Around the world, his cadaverous mug is the symbol of suicide, death and dying. But now Dr. Death is playing Dr. Ruth with a public service announcement encouraging people to wear condoms.
The ad, filmed this spring for an ABC-TV special on AIDS, features Jack Kevorkian warning that people who don't practice safe sex "are the people who are really killing themselves."
"Why perfectly healthy people would want to commit suicide is beyond me," Kevorkian concludes.
The ad was part of the traveling road show the Michigan pathologist and his legal sidekick, Geoffrey Fieger, brought to Washington on Monday for their joint appearance before the National Press Club.
The show featured a protester dressed as the grim reaper, adoring elderly women and a signature speech from Kevorkian indicting the "corrupt" social order, from the president to Michigan courts to the pope.
Fieger screened the ad for a Press Club luncheon crowd of about 250 _ and C-SPAN's national viewing audience _ to focus attention on "a side of Jack Kevorkian you rarely see," the side that's "about life."
That message was a bit muddied, however, by Fieger's other blockbuster announcement: Kevorkian now has a partner. Psychiatrist Georges Reding of Galesburg, Mich., has helped Kevorkian carry out five recent suicides, Fieger said, doing "everything Kevorkian does."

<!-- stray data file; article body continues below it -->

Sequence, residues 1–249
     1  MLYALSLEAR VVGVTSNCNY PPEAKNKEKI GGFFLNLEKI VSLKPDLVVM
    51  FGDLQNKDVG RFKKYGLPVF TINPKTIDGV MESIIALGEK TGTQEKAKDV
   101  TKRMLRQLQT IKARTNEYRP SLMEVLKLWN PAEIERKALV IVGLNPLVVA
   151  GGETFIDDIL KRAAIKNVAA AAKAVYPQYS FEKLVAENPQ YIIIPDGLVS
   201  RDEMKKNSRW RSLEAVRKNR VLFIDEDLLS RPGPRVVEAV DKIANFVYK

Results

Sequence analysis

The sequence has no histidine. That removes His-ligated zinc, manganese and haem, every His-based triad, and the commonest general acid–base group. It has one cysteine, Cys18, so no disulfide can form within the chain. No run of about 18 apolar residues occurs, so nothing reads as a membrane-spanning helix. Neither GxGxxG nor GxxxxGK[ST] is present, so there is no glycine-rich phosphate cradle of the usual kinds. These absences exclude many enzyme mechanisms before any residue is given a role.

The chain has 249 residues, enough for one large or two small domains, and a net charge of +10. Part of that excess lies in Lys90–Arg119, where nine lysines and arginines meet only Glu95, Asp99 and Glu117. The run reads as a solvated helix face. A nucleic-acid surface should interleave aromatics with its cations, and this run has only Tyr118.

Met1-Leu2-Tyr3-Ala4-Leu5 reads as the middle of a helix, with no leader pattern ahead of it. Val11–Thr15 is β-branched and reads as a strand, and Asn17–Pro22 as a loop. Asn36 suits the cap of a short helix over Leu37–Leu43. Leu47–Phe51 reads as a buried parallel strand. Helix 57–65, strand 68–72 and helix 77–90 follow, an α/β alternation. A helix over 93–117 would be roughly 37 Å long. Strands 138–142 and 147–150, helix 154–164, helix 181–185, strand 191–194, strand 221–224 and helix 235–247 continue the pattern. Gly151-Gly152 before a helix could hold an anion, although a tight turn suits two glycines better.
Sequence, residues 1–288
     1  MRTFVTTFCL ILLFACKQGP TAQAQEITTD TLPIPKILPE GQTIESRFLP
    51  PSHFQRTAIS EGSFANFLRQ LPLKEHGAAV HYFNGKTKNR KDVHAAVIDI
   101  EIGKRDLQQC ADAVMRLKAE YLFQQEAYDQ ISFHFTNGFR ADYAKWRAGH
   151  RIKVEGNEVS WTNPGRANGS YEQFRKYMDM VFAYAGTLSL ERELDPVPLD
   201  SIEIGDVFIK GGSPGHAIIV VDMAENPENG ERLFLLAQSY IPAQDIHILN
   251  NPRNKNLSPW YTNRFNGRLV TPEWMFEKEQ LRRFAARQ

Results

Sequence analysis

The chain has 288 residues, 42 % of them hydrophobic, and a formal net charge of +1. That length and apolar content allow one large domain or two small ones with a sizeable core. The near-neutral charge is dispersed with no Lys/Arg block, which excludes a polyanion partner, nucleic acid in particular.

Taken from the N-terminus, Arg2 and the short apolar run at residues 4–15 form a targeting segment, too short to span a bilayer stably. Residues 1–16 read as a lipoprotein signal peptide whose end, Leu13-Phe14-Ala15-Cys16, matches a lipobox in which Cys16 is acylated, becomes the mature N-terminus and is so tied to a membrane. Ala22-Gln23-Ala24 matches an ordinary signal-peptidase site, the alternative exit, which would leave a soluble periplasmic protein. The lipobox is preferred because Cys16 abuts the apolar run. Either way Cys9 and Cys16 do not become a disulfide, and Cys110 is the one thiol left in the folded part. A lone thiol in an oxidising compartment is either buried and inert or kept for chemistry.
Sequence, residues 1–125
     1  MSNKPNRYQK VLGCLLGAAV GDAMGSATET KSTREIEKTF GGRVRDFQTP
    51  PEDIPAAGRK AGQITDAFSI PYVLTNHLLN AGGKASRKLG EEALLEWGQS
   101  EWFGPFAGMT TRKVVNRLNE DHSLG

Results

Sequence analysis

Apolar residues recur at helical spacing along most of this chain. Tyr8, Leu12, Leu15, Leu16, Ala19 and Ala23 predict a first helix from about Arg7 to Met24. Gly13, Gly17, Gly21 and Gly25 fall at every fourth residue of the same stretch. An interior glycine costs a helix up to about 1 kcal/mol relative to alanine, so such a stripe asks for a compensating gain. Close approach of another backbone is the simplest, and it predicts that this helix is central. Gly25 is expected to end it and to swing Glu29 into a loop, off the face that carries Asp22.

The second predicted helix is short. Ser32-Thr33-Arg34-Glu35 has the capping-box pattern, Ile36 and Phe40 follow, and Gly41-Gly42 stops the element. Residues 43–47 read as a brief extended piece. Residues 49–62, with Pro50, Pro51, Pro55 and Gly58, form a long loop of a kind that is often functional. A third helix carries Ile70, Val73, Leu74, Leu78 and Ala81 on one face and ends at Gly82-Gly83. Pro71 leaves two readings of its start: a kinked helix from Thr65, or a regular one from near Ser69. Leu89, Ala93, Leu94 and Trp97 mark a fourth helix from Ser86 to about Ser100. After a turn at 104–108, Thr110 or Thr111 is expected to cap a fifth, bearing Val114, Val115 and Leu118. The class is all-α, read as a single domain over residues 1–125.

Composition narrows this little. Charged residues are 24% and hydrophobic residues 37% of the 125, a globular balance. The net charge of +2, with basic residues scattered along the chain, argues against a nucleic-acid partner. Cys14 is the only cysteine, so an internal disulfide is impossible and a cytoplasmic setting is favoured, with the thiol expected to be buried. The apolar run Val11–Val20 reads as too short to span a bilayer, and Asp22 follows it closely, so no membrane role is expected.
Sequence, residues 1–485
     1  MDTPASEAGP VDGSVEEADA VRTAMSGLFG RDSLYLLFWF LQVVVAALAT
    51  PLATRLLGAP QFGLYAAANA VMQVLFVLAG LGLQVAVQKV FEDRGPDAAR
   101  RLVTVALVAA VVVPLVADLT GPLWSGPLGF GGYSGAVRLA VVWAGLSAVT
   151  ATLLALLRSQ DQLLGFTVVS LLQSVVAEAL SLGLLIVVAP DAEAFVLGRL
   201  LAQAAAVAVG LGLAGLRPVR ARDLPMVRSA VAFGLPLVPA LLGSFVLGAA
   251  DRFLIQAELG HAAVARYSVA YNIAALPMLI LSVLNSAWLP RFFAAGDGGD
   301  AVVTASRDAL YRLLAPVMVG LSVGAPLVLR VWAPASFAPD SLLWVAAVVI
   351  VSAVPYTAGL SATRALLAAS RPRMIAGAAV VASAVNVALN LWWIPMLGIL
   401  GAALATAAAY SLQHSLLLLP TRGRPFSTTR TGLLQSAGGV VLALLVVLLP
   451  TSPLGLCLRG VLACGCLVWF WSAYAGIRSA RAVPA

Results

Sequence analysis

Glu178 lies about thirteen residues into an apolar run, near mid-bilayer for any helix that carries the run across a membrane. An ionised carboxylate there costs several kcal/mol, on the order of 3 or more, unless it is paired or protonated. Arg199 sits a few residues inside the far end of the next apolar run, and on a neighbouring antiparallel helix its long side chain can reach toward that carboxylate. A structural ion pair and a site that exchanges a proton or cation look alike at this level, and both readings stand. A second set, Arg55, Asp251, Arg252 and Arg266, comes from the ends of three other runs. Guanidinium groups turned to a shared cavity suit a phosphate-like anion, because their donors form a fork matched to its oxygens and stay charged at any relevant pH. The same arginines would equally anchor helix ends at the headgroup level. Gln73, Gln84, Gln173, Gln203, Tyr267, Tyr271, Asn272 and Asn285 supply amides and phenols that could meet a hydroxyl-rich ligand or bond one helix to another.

Reding declined to talk to reporters. But he sat at the head table during the Press Club luncheon, and rose to tell the crowd that he joined Kevorkian because he was "embarrassed by the cowardice of my profession," whose leaders refuse to support suffering patients who seek help in ending their lives.
"The five people I saw die, their serenity was so beautiful," Reding told the crowd. "It's very beautiful and it's full of sorrow."
None of them would discuss details of Reding's involvement. But his name first emerged after the May 6 death of Austin Bastable, a Windsor, Canada, resident who suffered from multiple sclerosis. Reding signed Bastable's death certificate, listing "patholysis" as the cause of death, a word coined by Kevorkian and his followers to describe doctor-assisted suicide.
Bastable is among 33 "patients" Kevorkian has helped die _ and one of six suicides he attended during and after his most recent trial on murder charges, one of the three in which he has been acquitted of criminal wrongdoing.
Kevorkian addressed the Press Club, unleashing a 20-minute rant laced with his trademark humor and deliberate attempts to offend. To critics who say his methods are undignified, Kevorkian summoned the image of Christ dying on the cross, his hands bleeding, his side pieced by spears.
"Had Christ died in my van, with people around him who loved him, it would have been far more dignified," he said. "My rusty van.
"Pass any law you want. I don't care," Kevorkian said in closing. "I know what's right. And I'm going to do what's right."